01 August 2016
Hyper-Reality: Warping The Mind
These days it seems impossible to avoid the subject of virtual reality and augmented reality and it’s safe to say that they are taking the world by storm. With investors putting billions into virtual and augmented reality technologies, Digi-Capital predicts the value of VR to be $30 billion by 2020, and $120 billion for AR.
Image Source: Virtual Reality Society
So what’s the difference between virtual and augmented reality?
Everything that we perceive as real is simply a combination of sensory information and the processing of this information by our brains. If our brains are then tricked with information which is virtual, or in other words, computer generated and three dimensional, we will be immersed in a version of reality that does not exist but our brains would perceive as real. That’s VR.
AR on the other hand combines virtual reality with our physical surroundings, overlaying digital images to the real world, and causing users to be unable to distinguish between the two.
But have you thought about what lies beyond VR and AR?
A kaleidoscopic world which sees the merging of physical and virtual realities and blurs the boundary between the real and imaginary. In hyper-reality, “simulators seek to make all of reality coincide with their models of simulation” resulting in the breakdown of the physical world as we know it. Its intention is to carry VR and AR to the extreme, to the extent of reality becoming so perfect and schematic that it becomes more real than reality itself. The creation of a world where a “lot of what exists is neither objectively true nor subjectively imaginary.”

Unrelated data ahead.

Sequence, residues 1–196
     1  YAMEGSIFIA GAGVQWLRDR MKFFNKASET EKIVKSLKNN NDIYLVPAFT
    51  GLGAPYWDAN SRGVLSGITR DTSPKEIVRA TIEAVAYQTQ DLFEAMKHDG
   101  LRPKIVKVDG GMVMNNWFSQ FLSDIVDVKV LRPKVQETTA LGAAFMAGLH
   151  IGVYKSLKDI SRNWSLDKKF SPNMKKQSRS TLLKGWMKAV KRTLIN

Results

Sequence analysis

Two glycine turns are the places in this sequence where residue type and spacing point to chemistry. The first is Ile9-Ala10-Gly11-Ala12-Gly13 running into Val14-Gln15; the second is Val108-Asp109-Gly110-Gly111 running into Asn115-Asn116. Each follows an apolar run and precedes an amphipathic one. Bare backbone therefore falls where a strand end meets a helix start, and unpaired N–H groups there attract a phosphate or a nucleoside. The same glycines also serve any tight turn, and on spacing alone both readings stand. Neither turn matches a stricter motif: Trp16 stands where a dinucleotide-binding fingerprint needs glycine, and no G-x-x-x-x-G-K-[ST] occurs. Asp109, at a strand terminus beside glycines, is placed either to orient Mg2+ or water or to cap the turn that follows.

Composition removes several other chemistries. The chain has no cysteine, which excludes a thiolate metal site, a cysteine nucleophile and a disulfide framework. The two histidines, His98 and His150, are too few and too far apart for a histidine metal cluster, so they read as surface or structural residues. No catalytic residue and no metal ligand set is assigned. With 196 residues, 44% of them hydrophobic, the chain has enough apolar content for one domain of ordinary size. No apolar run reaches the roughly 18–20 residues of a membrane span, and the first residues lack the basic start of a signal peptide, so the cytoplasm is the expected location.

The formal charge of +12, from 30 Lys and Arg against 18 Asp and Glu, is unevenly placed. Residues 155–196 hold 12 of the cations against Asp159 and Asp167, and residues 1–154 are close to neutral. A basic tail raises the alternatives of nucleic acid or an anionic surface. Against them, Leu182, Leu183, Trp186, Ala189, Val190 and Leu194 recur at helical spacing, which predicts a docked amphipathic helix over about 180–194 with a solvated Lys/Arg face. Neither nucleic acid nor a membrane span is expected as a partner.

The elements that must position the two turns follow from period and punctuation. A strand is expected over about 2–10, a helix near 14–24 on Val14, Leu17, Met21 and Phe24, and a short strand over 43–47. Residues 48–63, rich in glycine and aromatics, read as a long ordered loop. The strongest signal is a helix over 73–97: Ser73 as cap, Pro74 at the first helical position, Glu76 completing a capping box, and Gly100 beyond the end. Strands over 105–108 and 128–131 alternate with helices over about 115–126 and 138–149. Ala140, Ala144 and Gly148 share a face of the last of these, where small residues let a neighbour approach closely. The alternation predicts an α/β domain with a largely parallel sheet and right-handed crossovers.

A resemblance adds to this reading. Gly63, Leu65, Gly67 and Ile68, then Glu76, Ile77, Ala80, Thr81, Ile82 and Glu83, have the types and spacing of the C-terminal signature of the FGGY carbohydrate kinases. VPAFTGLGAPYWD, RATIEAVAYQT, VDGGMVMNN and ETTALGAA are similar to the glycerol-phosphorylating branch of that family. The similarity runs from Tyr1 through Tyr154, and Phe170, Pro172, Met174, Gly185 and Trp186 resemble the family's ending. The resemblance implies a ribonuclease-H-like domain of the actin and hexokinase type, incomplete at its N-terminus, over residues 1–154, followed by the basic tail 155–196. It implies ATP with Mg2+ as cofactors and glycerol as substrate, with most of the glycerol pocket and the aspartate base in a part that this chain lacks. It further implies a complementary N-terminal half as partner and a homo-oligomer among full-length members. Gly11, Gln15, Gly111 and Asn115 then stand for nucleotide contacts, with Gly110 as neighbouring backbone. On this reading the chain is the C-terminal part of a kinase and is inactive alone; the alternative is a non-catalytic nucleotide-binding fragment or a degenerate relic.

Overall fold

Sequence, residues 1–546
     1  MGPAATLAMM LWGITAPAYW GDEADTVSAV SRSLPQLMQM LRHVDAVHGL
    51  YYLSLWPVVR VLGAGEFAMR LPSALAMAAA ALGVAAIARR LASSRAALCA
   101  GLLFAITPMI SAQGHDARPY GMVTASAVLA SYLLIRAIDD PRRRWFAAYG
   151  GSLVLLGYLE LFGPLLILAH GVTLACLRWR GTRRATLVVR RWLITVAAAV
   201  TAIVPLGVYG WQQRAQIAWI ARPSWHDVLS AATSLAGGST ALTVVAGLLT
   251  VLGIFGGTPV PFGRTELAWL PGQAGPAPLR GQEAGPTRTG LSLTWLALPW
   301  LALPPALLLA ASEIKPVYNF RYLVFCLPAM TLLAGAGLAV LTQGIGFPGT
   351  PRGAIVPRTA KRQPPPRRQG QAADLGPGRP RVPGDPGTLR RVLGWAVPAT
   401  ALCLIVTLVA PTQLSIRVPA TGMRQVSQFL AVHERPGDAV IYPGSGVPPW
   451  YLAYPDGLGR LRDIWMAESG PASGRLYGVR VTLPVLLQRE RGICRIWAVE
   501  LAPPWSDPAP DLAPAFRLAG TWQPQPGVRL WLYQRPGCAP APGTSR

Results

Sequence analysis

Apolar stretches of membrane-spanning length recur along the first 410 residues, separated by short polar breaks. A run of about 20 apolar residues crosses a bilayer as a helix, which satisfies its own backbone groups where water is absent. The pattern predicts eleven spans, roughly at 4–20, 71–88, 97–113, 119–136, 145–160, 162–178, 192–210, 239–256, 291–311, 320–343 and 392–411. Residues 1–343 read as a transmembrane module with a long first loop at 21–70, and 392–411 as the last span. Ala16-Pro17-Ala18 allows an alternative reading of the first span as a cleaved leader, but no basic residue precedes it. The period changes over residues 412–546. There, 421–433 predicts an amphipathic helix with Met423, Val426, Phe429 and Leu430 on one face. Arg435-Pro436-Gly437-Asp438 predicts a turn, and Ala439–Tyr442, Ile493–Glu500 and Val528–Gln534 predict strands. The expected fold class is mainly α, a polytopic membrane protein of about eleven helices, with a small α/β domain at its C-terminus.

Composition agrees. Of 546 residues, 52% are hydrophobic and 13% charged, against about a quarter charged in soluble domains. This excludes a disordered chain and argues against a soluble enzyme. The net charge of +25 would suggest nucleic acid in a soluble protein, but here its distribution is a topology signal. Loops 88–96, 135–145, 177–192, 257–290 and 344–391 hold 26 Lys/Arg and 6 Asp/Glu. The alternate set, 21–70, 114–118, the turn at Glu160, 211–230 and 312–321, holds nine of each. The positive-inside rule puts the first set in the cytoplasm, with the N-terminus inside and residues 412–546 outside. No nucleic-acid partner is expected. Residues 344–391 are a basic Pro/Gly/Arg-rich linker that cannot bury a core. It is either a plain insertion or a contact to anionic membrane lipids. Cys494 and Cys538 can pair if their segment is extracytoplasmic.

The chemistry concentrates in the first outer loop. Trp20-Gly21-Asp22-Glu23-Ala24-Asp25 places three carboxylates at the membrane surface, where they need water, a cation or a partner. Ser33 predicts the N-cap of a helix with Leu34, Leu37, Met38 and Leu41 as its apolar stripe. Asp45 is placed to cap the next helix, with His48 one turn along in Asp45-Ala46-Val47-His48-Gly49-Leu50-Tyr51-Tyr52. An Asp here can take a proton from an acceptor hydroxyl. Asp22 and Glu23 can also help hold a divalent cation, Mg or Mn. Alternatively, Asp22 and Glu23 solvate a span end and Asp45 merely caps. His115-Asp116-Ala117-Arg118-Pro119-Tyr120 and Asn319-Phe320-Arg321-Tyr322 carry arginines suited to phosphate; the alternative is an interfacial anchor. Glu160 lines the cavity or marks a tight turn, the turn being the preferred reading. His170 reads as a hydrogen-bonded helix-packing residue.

Image Source: Core 77
Keiichi Matsuda’s hyper-reality short film perfectly illustrates the blurring of the real and virtual worlds. The Kickstarter campaign funded film follows a female protagonist on her journey through a dystopian future city, filled with games, Google searches and pop-up adverts. As you watch, it quickly becomes apparent what an isolated life the protagonist leads, finding herself asking Google existential questions such as “Who am I” and “Where am I going?” while considering resetting her own identity.
Matsuda explains that the film is intended to be provocative, depicting a realm where technology will envelop every aspect of our lives. He says that hyper-reality attempts to explore the exciting but dangerous trajectory of technology controlling the way we understand the world.
Image Source: Core 77
However, the film and notion of hyper-reality almost begs the question of whether we are taking virtual and augmented creations too far.
What are the implications of such a dystopian reality?
It can be argued that the blurring of what is real and what is a simulation could cause us to find ourselves more involved with the hyperreal world than with the actual world, making us unsure of whether our experiences are real or imaginary. It may even trick us into wanting to obtain the unobtainable or to seek an ideal notion of existence. Technology saturation and bombardment of consumer advertising like Matsuda’s film is already present in our daily lives. But could the impact of immersing ourselves completely in such mind warping media potentially be a negative one?
Only time will tell.
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